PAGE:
Health is an area in which dreams and aspirations—as well as acute inequalities—come to be deeply, sometimes fatally, located in bodies, real and imagined, individual and collective. The emerging field of global health brings together scientific and technocratic claims to knowledge, vast amounts of state and non-governmental funding, and struggles for social justice. This course draws together in an innovative way two anthropological traditions to face the many complexities that arise in both researching and intervening in global health. Medical anthropologists have scrutinized global health scholarship and practice, critiquing its dominant modes of knowledge production, evidence, and statistical techniques. Linguistic anthropologists look closely at language, including how patients and caregivers negotiate knowledge and power and the stories that people tell and the songs they sing about wellbeing, illness, and death. Rather than summarizing established approaches, the course invites students from a variety of backgrounds to join in placing these analytics in dialogue in such a way as to produce novel ways of thinking and acting in global health.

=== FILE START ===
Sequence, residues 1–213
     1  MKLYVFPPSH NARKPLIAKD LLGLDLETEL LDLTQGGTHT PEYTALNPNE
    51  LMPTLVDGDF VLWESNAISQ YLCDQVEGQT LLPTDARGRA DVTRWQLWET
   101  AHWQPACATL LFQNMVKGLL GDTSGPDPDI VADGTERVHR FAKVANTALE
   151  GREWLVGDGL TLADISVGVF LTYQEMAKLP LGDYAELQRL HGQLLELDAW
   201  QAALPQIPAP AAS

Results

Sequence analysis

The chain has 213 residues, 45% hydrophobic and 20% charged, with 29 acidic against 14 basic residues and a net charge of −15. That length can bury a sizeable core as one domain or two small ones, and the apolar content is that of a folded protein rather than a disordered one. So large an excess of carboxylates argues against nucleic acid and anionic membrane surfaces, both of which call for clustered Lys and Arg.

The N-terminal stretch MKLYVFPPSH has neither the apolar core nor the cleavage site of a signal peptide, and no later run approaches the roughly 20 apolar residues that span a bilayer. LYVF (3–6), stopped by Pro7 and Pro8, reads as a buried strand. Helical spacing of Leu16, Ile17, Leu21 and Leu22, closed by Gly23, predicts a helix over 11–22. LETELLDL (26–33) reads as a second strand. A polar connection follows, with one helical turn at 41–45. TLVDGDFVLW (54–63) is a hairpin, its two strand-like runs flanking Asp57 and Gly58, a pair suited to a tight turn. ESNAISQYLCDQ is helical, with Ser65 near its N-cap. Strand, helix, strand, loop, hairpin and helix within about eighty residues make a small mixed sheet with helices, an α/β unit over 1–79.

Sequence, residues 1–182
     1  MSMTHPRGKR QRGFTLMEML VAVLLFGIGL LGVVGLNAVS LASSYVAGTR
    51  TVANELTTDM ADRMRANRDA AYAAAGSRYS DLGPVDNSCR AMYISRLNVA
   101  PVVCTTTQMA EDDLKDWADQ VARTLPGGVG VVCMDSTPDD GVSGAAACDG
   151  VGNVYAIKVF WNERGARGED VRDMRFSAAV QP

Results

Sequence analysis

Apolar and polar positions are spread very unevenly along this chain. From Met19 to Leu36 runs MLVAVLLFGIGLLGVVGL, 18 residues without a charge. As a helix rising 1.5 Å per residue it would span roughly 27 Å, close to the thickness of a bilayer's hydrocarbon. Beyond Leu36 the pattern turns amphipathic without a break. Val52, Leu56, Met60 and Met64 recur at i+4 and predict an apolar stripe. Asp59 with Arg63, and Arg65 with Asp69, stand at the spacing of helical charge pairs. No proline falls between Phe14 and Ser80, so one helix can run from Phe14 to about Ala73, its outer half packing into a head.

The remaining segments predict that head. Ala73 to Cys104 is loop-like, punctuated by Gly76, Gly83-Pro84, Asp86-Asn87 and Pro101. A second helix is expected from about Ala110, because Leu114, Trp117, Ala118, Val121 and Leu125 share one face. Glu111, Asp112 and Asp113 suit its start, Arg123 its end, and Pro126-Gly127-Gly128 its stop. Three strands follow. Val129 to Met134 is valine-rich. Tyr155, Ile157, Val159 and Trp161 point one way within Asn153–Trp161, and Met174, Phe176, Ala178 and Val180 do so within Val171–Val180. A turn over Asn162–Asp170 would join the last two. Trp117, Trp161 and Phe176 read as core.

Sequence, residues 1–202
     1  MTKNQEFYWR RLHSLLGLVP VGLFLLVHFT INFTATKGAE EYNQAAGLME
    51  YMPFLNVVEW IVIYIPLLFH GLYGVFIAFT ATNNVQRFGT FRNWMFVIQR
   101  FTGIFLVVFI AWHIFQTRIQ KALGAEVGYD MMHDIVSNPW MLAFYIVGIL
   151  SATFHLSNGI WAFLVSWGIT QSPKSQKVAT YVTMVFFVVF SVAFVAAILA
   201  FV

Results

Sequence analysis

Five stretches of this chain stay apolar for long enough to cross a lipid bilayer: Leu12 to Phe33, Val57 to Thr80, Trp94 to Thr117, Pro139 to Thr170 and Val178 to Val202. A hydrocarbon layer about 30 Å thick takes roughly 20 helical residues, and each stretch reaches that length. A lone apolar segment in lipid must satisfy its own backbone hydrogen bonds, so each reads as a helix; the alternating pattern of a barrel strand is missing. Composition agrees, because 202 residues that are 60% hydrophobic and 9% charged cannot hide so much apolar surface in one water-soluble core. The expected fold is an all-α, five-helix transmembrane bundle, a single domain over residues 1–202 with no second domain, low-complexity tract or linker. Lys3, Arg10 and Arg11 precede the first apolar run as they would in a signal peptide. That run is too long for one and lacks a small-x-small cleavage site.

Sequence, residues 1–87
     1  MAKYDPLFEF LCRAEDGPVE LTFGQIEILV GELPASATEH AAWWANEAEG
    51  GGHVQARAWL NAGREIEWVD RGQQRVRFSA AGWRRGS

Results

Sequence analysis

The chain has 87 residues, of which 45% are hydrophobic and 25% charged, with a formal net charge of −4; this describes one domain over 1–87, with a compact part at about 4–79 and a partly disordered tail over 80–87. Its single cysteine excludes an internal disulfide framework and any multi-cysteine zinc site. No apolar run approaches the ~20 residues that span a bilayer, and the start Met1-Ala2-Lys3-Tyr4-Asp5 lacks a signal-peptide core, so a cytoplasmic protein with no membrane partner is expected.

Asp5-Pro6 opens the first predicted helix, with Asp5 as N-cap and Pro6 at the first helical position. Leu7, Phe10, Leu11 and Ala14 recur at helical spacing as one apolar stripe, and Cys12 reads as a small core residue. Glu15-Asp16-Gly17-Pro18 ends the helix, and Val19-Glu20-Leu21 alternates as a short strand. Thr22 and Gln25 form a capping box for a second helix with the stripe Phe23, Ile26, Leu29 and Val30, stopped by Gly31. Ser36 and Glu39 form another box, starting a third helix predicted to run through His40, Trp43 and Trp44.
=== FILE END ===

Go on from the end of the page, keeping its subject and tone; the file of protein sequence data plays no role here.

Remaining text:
|Tell Me Why My Children Died: Rabies, Indigenous Knowledge, and Communicative Justice||Briggs, C L||978-0822361244||Duke|
|The Pastoral Clinic: Addiction and Dispossession along the Rio Grande||Garcia, A||978-0520262089||California|
|Migrants in Translation: Caring and the Logics of Difference in Contemporary Italy||Giordano, C||978-0520276666||California|